Sellwood business and residential history: 13th Avenue, Part Two
In the June issue of THE BEE, I told you about the start of the commercial district along 13th Avenue in Sellwood, focusing on the section north of Tacoma Street. Now, in part two, we do a smart about-face, and tell the history of merchants and shopkeepers and residents who were such a vital part of the Sellwood community south of Tacoma Street.
For the twenty years between 1880 and 1900, Umatilla Street had been the main street of Sellwood's commercial district. For those living and working in Sellwood, trade and transportation were still very reliant on the nearby Willamette River.
Goods and supplies were distributed to merchants by boat, which docked at the base of Umatilla Street. Farmers hauled crops to the west side of the river where ocean-going vessels docked; or they could use the rough Milwaukie Road for travel north to East Portland – but this was nothing more than a dirt path, inaccessible during wet winter days. The river was still the way to go.
However, as rails were laid, merchant shops and small storefronts began slow but steady growth along the streetcar line along 13th Avenue. Shopkeepers boasted about the services they could offer locally that previously could only be found in Downtown Portland – south to the town of Milwaukie, or along the commercial district on Grand Avenue.
Although at first they were unfazed by the occasional resident or small storefront being built along 13th Avenue, certainly by the turn of the century the Umatilla Street shopkeepers were noticing the ascendance of 13th Avenue, and the decline of Umatilla.
Enter J. P. Zirngiebel, who arrived in the Northwest in the late 1890's, when business was booming on the streets of Downtown Portland. Painted signs hung outside almost every merchant's store in Portland's busy business district. Signs could also be found overhead at retail shops, and painted large on the sides of five and six story buildings.
Painted signs were long a popular form of advertising – even before ads in newspapers became common. Zirngiebel learned that craft well, and soon amassed a fortune painting signs, and he went on to hire additional professional signmakers to create signs of all sorts around the city, sent out from his office on Stark Street.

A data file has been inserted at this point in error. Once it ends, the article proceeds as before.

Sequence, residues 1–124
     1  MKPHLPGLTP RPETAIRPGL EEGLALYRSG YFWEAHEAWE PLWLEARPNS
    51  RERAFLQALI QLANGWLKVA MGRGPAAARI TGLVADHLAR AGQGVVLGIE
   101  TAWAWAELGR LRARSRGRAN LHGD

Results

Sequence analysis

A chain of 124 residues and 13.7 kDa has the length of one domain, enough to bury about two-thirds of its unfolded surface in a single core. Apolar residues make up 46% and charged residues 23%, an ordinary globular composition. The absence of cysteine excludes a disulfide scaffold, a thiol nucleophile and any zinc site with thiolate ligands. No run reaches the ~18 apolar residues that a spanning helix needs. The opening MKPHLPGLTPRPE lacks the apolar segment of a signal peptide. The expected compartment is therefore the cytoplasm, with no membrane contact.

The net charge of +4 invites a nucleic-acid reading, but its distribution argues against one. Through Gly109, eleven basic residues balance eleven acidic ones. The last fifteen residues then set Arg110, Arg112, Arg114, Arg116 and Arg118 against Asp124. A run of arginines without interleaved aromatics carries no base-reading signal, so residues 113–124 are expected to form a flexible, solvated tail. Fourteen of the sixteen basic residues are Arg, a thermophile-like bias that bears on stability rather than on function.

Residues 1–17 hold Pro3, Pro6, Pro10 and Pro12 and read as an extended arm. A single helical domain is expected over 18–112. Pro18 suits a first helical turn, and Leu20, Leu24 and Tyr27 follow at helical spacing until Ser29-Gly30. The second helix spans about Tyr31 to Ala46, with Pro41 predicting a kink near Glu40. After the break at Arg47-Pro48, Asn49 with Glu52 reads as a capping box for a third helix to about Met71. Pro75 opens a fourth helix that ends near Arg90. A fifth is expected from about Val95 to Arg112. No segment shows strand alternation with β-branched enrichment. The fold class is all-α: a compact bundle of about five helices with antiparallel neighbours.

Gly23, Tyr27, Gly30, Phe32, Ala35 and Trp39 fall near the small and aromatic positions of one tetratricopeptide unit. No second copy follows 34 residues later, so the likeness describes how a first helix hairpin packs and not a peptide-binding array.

Using the capital he earned in sign-making, Zirngiebel ventured into the real estate business, and he built a two-story structure on the northeast corner of 13th and Umatilla in Sellwood. The upper section was used as doctors' and dentists' offices, while other rooms were available for boarders. The Zirngiebel family lived temporarily upstairs also, until their own grand house was finished. Additional rooms were used as a music studio, which filled the hallways with piano music and elegant singing. Some of the first merchants in the new building included the Elite Dressmaking Parlor, Sellwood Pharmacy, and J.M. Canfield's Dry Goods Store.
One of the well-known merchants who occupied the corner was Berlin Davis, who opened his shoe shop in 1910, and became a cornerstone of the neighborhood for the next 35 years.
High quality shoes and boots were a rarity here during the 1890s – a luxury that only those with considerable money could afford. Most shoes were "straight-fitted", and could be worn on either foot. Finally, cobblers realized that a left-footed shoe and a right-footed shoe were a much more comfortable fit! By 1899, machines were invented to mass-produce shoes, and at last customers could have a wider range to choose from.
Berlin Davis benefitted from the hundreds of different styles and brands of shoes shipped from the East Coast which he made available for sale in his Sellwood store. Weekly ads in THE BEE kept ladies informed of the latest trends in adult and children's shoes. Close-fitted top leather boots were a favorite during this era, and even today such boots have had a resurgence among ladies' fashions around the world.
When the Depression Era began, most small independent storekeepers couldn't afford to stay open. The Sellwood Shoe Store survived through the 1940's – until the iconic, and only recently-demolished, Black Cat Tavern took over the space once reserved for small merchants. Piano music and ladies' fashions were replaced with a bar, accompanied by music from the juke box, and shuffleboard tournaments. Most people soon forgot that The Black Cat originally started out as a café that served breakfast and lunch with hot black coffee, and was located on the opposite side of 13th Avenue. Today, a modern high-rise apartment house, with retail space on the ground floor, stands on the corner of Umatilla and S.E. 13th.